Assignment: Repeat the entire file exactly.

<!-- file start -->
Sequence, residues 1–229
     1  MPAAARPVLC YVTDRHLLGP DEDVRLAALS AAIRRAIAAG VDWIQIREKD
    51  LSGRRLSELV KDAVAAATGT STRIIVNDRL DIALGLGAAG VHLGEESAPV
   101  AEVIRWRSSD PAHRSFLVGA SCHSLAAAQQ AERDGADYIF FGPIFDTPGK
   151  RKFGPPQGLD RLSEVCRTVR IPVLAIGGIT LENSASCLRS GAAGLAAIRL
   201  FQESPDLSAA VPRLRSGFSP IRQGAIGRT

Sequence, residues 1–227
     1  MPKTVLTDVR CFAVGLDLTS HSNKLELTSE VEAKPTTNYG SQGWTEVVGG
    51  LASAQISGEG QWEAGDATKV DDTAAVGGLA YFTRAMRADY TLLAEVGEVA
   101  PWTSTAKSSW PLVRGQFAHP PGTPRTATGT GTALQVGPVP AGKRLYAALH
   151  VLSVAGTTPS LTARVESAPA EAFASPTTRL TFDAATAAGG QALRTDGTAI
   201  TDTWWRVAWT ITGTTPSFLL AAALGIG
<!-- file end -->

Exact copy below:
Sequence, residues 1–229
     1  MPAAARPVLC YVTDRHLLGP DEDVRLAALS AAIRRAIAAG VDWIQIREKD
    51  LSGRRLSELV KDAVAAATGT STRIIVNDRL DIALGLGAAG VHLGEESAPV
   101  AEVIRWRSSD PAHRSFLVGA SCHSLAAAQQ AERDGADYIF FGPIFDTPGK
   151  RKFGPPQGLD RLSEVCRTVR IPVLAIGGIT LENSASCLRS GAAGLAAIRL
   201  FQESPDLSAA VPRLRSGFSP IRQGAIGRT

Sequence, residues 1–227
     1  MPKTVLTDVR CFAVGLDLTS HSNKLELTSE VEAKPTTNYG SQGWTEVVGG
    51  LASAQISGEG QWEAGDATKV DDTAAVGGLA YFTRAMRADY TLLAEVGEVA
   101  PWTSTAKSSW PLVRGQFAHP PGTPRTATGT GTALQVGPVP AGKRLYAALH
   151  VLSVAGTTPS LTARVESAPA EAFASPTTRL TFDAATAAGG QALRTDGTAI
   201  TDTWWRVAWT ITGTTPSFLL AAALGIG